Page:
Thoughts on "True Detective" and Gender Issues
Most of the headlines I have seen discussing the show focus on its treatment of women. Since that is an issue I care about myself (being a woman and a feminist), then that is what I concentrated on as I watched the show and where my thoughts will go now. The rest goes beneath the cut because there will be spoilers and also (trigger warning!) discussion of extreme violence against women and children.
The setting of True Detective is southern Louisiana along the bayou, and it is one of profound sexism and misogyny. The question seems to be: is the show itself sexist/misogynist, or is the sexism and misogyny that so pervades it part of the point? I favor the latter interpretation. My conclusion is that the show depicts how sexism and misogyny not only produce a society where violence against women is normative and acceptable but also where the vulnerable (and women become part of this group, in such a society) are also more open to exploitation.
The show is a veritable catalog of sexism and misogyny in all of its forms, beginning with what many would still argue is benevolent: the traditional, professedly benign paternalistic desire of men to provide for and protect women. It escalates through garden-variety sexism (note the lack of women in any job that carries authority and the preponderance of women in jobs that involve serving men) and garden-variety misogyny (the objectification of women and the valuation of women based on their ability to sexually gratify men). Then there is the misogyny that leaves bruises, such as partner abuse or slapping a daughter in the face who talks back. And it ends with a level of misogyny that is heart-stopping in its brutally--the ritual torture and murder of women and children--and a good ol' boys' network at best apathetic and at worst complicit in such acts.
It seems to chance the slippery slope to suggest that one extreme leads to another, yet I think that the show blurs lines in such a way--especially through the character of Martin (Woody Harrelson)--that it does just that. His character spans the continuum I described above, stopping well shy of the final stage; indeed, I would argue that it is his refusal, when presented with irrefutable evidence by his former partner Rust (Matthew McConnaughy) that the case is much larger than he originally thought when they first "solved" it years earlier, to become apathetic or complicit is what redeems his character and allows him to ultimately connect with Rust and his ex-wife Maggie (Michelle Monaghan) as he was unable to do before.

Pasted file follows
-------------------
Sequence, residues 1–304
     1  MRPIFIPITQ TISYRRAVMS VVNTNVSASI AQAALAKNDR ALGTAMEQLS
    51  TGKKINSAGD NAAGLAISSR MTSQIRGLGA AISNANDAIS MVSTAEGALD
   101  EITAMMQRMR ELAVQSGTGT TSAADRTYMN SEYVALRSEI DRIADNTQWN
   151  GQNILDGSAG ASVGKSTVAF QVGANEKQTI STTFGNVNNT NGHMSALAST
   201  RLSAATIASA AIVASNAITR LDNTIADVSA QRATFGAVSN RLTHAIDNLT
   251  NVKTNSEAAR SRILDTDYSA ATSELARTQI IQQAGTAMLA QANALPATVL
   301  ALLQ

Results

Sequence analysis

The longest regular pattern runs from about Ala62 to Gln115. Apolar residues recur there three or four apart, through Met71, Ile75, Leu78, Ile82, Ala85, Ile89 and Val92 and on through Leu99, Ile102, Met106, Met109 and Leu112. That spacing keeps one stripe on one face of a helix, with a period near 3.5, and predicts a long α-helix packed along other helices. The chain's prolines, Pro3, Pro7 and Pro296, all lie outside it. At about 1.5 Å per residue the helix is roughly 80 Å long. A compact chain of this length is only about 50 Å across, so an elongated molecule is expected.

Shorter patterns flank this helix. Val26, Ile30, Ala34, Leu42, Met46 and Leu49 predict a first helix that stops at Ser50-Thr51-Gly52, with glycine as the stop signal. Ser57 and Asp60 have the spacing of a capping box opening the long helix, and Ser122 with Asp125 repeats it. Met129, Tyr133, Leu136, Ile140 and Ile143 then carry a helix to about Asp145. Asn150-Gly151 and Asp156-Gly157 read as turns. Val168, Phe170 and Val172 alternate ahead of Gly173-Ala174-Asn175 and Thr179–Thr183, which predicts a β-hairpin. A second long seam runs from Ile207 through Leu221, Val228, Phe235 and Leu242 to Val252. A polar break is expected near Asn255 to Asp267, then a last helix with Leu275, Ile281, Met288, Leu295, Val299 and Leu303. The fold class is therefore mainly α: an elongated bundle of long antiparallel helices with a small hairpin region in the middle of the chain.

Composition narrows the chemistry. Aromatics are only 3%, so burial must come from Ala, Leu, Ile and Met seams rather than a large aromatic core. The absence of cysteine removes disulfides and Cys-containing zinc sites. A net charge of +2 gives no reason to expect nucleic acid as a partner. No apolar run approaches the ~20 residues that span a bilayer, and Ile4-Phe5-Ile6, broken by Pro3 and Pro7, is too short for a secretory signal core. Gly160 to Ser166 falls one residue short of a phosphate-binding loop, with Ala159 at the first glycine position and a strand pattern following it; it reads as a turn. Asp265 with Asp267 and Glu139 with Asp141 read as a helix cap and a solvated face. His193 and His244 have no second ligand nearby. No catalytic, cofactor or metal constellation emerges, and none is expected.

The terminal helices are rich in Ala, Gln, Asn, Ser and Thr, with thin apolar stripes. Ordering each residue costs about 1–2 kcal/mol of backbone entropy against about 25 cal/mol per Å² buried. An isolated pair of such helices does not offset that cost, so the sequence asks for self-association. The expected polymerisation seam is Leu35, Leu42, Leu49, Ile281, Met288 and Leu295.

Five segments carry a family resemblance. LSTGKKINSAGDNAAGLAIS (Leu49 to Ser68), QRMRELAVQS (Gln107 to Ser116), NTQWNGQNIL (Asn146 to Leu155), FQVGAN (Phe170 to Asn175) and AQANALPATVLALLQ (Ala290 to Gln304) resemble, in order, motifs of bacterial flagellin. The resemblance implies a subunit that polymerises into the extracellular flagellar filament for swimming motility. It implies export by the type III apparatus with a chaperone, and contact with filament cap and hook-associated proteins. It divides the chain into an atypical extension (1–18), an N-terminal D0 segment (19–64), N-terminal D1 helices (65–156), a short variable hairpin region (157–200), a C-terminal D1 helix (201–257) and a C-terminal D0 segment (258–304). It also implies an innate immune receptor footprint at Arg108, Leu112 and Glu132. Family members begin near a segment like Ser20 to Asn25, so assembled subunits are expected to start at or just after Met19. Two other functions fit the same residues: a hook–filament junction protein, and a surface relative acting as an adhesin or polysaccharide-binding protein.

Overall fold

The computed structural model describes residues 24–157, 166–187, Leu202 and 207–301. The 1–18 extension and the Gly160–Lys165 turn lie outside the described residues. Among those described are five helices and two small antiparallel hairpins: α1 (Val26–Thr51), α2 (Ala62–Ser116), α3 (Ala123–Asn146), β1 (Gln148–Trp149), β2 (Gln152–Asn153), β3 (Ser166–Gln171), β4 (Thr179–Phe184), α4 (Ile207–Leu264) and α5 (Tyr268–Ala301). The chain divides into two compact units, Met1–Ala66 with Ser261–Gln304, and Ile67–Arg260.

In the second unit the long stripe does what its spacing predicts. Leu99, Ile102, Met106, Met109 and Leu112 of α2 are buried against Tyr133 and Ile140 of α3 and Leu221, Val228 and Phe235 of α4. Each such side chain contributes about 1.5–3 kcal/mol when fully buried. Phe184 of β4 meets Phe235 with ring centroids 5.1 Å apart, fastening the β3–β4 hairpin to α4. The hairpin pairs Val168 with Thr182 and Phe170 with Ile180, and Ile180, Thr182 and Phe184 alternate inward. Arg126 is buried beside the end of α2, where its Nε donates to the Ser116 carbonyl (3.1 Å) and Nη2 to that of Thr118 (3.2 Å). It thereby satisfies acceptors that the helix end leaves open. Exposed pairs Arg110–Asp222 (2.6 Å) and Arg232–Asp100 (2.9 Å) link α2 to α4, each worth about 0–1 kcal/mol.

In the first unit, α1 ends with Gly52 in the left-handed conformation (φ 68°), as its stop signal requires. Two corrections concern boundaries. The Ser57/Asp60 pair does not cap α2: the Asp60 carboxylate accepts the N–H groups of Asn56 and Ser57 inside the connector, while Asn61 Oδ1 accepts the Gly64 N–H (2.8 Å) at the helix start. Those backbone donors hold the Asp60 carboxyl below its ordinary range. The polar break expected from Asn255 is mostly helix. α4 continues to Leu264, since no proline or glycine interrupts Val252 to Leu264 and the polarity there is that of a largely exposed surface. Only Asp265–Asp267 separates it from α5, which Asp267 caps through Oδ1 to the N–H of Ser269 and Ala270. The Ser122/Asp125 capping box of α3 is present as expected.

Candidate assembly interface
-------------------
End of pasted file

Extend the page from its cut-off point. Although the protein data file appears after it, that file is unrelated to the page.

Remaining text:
As noted above, the landscape of True Detective is one in which women are protected in order to serve men. Through Marty's character, we can see that what lies behind this protective urge anything but gallant: It is possessive. When his artsy, rebellious teen daughter Audrey is found in a car with two boys "in a state of undress," his reaction is violent. When Audrey protests against his threat to bring the boys up on statutory rape charges, he slaps her in the face. He later leverages the threat of these charges and his authority as a detective (employing the old boys' network to gain him unsupervised access to the boys in jail, thus benefiting from the same complicity that allowed the disappearance of dozens of women and children in the bayou area) to compel the boys to leave their cells, at which point he violently beats them. Likewise, his reaction when he discovers that his lover Lisa--who laments the dead-end nature of her relationship with him and her desire for marriage--is seeing another man is violent and swift. He breaks into her home and beats up the other man. He employs his authority as a police officer, again, to do this. The implication--borne out when Lisa accuses him of this in front of other officers and nothing is said or done--is that he is protected by the old boys' network from any sort of consequences. When Lisa argues with him, he threatens to "skull fuck" her.